To feather, or not to feather, that is the question. Well, at least a question facing many paddlers.

Paddling a kayak with neutral feathered paddle

What Does it Mean to Feather a Paddle?

Feathering a paddle simply means adjusting the blades so they are at an angle to each other, in contrast to an unfeathered paddle which has both blades aligned.

Old School Views on Paddle Feathering

When I first started teaching kayaking more than two decades ago, all “real” kayakers used paddles with a 90° feather (i.e., the blades were offset at 90°). Back then, it was common for paddles to come with three settings—right, left, and neutral—and no “serious” paddler would ever consider using the neutral position.

Less Wind Resistance

One of the primary reasons given for feathering paddles was to assist in paddling into the wind—after all, anyone who has paddled into a headwind has felt the increased resistance created by an unfeathered paddle. On the surface, this seems like a logical justification for feathering a paddle, however, when you think about it raises some questions. Most notably, what happens when the wind shifts or you paddle in a different direction? A wind coming from the side will have the same effect on a feathered paddle as a headwind does on an unfeathered paddle.

Hand Dominance

The other argument for feathering paddles was to align the paddle to the paddler’s dominant hand—a “drive” hand and a “guide” hand. The purpose of the hands was:

  • Drive hand: the hand that is lined up with the blade “powers” the paddle.
  • Guide hand: the hand that the paddle “floats” in is used as a rotation point.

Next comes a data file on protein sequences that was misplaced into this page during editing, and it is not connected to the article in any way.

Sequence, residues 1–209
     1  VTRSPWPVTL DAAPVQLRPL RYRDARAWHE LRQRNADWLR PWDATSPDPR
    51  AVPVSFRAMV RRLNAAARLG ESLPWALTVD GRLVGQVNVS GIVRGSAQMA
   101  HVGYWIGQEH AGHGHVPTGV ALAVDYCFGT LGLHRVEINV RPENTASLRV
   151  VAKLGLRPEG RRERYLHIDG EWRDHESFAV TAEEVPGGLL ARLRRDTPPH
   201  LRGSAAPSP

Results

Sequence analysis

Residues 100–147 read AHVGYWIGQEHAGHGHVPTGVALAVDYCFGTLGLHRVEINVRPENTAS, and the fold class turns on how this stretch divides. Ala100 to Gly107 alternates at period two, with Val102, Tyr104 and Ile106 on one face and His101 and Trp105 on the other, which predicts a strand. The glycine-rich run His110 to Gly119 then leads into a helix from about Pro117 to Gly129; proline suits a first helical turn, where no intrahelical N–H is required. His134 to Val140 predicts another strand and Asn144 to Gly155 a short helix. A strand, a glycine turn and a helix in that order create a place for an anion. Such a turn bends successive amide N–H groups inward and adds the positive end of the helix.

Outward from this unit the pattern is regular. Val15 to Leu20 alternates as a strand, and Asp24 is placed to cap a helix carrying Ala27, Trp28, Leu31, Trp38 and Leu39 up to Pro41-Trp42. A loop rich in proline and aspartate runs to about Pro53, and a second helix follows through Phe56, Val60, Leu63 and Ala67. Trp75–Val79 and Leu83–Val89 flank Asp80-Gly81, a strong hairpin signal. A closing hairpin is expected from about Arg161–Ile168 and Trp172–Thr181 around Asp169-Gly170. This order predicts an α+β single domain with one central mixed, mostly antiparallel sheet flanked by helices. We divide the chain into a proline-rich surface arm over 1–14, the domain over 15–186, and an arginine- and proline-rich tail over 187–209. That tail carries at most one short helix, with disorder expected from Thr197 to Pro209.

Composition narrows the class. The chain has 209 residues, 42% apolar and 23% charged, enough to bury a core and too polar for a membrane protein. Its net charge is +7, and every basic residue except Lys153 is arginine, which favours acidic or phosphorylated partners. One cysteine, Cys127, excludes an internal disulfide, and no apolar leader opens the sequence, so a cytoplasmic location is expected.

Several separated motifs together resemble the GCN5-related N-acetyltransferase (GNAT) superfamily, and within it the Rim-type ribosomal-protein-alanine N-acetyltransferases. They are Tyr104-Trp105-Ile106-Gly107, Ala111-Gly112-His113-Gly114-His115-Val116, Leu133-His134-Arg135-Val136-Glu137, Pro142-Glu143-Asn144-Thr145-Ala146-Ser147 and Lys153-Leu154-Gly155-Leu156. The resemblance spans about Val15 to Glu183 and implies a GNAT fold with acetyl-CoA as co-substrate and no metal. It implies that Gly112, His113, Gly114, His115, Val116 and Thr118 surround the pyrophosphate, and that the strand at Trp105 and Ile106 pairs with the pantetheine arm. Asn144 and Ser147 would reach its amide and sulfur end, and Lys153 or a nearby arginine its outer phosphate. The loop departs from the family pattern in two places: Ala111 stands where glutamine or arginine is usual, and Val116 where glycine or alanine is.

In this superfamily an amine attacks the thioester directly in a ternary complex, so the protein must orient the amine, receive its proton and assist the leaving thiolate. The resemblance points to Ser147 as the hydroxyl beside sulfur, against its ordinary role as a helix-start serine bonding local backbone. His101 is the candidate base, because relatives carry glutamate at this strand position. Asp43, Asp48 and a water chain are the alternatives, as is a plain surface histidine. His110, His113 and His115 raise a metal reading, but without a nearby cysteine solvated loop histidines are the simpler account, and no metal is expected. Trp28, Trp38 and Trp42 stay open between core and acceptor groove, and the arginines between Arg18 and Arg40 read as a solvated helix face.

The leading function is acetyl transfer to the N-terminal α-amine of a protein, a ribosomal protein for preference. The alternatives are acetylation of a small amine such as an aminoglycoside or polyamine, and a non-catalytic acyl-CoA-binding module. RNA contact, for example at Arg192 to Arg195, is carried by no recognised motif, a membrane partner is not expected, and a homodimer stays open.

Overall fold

But once again, the more you think about this, the less sense it makes—you’re essentially padding one-handed, rather than using both arms equally.

Paddling kayaks with neutrally feathered paddles

Evolving Notions on Feathered Paddles

While many guides had questions about feathering paddles back in the day—myself included—no one asked them out loud. It wasn’t until some years later at a clinic that they were given a voice and my thoughts about feathered paddles began to shift.

My epiphany happened when we were asked to look back at the history of paddles and how they’ve been used. In general, whether on the Pacific Rim of Asia or off the coast of Greenland, early kayakers used unfeathered paddles. For proof, look no further than the unfeathered Greenland paddles that remain popular today centuries after they originated.

What spurred the popularity of feathered paddles? It came from whitewater kayak racing! A feathered paddle allows racers to cut closer to the gates they slalom through on a whitewater course and makes it less likely to get hung up on them. And, if feathered paddles do offer an advantage in the wind, it’s in whitewater kayak racing, a sport where seconds count.

How did feathered paddles become mainstream? The same reason you see super-wide skis on groomers and long-travel downhill-oriented bikes on cross-country trails—it looks cool!

Two people paddling kayaks with neutral feathered paddles

Should You Feather Your Paddles?

Following the clinic and after a decade of teaching people to feather their paddles, I went back to the drawing board and rethought how to hold a paddle. Both feathered and unfeathered have their pros and cons. For example, unfeathered paddles are easier for beginning paddlers to learn with, while some kayakers find feathered paddles easier on their wrists, especially during long days on the water.

Me, I paddle with a slight 30° feather, which works for my style. This is the ultimate lesson: there’s no golden rule for feathering a paddle, it’s about paddling a lot and finding what works best for you.

So, here’s my conclusion:

To feather or not to feather, the question lies,
Each choice a reflection, a compromise,
For in the end, it matters not the norm,
But the love of paddling it helps form.

Do you have a strong opinion about feathering paddles? If so, we want to hear about it in the comments below!